Grimoald the Elder
|Children||Childebert the Adopted
|Parent(s)||Pepin of Landen
With the death of Pepin in 640, Grimoald became the head of his household, the most powerful in Austrasia. At this time, Radulf, Duke of Thuringia, rebelled against Sigebert III, king of Austrasia. Grimoald participated in the ensuing expedition against the insurrection, but it was a failure. Nevertheless, Grimoald succeeded in saving the life of the king and became his close friend. Then, by removing the mayor of the palace, Otto, he took over the position which his father once held.
Grimoald convinced the childless king (Sigebert III) to adopt his son, named Childebert at his baptism. Sigebert eventually had an heir, Dagobert II, but Grimoald feared the fate of his own dynasty and exiled the young Dagobert to either an Irish monastery or the cathedral school of Poitiers. Upon Sigebert’s death, probably in 651, Grimoald put his son on the throne.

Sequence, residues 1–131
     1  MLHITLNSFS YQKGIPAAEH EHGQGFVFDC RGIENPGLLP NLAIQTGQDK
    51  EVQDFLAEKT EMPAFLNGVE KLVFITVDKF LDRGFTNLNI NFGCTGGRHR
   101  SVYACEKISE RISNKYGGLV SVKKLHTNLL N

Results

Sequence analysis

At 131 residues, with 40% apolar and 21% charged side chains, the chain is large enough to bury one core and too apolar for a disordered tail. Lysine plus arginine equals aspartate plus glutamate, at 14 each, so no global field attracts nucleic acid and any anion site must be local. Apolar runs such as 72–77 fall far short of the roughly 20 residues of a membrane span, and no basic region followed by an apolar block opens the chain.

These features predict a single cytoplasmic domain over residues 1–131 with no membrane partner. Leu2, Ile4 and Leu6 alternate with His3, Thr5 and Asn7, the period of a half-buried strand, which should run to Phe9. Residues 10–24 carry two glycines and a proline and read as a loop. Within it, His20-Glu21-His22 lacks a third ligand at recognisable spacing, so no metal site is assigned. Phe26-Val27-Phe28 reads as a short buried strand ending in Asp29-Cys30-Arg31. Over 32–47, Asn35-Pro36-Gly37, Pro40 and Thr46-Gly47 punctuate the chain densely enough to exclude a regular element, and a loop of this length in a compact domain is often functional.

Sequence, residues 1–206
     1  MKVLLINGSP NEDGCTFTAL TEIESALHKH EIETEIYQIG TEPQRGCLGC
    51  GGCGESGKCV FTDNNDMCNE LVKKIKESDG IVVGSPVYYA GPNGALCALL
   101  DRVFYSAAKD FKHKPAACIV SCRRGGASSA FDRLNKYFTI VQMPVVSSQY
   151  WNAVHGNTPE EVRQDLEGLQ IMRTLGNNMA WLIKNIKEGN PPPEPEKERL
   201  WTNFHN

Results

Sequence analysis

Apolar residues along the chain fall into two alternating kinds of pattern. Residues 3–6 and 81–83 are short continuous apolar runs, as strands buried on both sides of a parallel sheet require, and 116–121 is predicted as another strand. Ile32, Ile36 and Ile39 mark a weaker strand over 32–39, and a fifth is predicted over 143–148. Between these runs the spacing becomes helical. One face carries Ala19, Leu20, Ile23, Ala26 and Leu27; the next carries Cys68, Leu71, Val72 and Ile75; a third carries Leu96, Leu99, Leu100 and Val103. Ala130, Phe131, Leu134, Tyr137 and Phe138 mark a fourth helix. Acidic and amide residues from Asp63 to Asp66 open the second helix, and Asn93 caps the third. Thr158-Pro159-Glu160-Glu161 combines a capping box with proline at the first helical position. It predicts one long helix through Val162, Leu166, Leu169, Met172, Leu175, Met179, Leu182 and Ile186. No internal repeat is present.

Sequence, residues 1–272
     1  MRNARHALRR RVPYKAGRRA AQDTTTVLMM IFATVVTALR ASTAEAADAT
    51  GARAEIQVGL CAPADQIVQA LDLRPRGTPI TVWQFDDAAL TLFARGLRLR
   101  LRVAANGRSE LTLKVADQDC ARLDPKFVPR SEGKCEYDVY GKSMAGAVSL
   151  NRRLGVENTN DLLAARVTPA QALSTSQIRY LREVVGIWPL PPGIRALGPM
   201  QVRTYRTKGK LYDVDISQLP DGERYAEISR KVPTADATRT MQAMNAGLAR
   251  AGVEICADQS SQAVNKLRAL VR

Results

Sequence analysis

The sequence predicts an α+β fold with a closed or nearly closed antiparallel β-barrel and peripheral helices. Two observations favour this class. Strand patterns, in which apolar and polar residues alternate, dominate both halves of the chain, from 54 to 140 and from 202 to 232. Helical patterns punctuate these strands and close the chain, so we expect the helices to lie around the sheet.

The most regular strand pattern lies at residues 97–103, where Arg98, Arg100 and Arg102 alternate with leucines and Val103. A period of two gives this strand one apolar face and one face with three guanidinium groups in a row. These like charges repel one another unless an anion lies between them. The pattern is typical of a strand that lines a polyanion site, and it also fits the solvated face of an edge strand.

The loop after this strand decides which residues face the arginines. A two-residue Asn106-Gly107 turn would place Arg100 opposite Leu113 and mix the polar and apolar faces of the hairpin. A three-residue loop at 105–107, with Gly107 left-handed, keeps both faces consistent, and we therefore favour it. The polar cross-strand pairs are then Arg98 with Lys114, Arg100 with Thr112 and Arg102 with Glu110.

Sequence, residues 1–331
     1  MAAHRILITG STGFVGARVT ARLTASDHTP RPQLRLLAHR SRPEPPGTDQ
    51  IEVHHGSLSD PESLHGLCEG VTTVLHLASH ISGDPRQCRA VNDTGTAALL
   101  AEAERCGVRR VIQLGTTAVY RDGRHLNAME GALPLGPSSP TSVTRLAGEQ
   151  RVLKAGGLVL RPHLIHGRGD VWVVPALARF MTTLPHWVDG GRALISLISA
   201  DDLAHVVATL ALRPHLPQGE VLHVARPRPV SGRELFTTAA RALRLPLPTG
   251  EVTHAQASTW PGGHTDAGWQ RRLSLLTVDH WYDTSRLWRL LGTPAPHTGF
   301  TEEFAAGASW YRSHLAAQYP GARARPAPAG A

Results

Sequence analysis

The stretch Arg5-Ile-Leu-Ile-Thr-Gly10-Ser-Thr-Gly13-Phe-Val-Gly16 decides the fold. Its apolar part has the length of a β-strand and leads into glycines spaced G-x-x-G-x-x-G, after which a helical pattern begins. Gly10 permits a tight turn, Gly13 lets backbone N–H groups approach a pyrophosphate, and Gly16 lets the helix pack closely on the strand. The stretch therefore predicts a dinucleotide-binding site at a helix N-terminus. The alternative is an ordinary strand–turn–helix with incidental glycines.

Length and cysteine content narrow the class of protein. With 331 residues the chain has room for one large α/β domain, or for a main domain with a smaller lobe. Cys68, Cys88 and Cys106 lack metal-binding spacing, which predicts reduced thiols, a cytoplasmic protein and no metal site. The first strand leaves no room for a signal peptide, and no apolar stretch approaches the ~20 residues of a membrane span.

Grimoald was deposed and executed by the king of Neustria, who thereby reunited the Kingdom of the Franks. The Liber Historiae Francorum tells that Clovis II had captured and executed him by 657 (subsequently treating Clovis’ reign with hostility and his son Chlothar’s reign with disdain).
- Richard Gerberding, The Rise of the Carolingians and the Liber Historiae Francorum
- Christian Settipani, La Préhistoire des Capétiens (Nouvelle histoire généalogique de l'auguste maison de France, vol. 1), 1993 (ISBN 2-9501509-3-4)
- Alban Butler's Lives of the saints, edited, revised and supplemented by Thurston and Attwater. Christian Classics, Westminster, Maryland
- Liber Historiæ Francorum 43, MGH SS rer Merov II, page 316.
- R. P. Vincent, Histoire fidelle de st Sigisbert: XII roy d'Austrasie et III du nom; avec un abrégé de la vie du roy Dagobert, son fils: le tout tiré des antiquités austrasiennes
- Spiritual Kinship As Social Practice: Godparenthood and Adoption in the Early Middle Ages by Bernhard Jussen
|Mayor of the Palace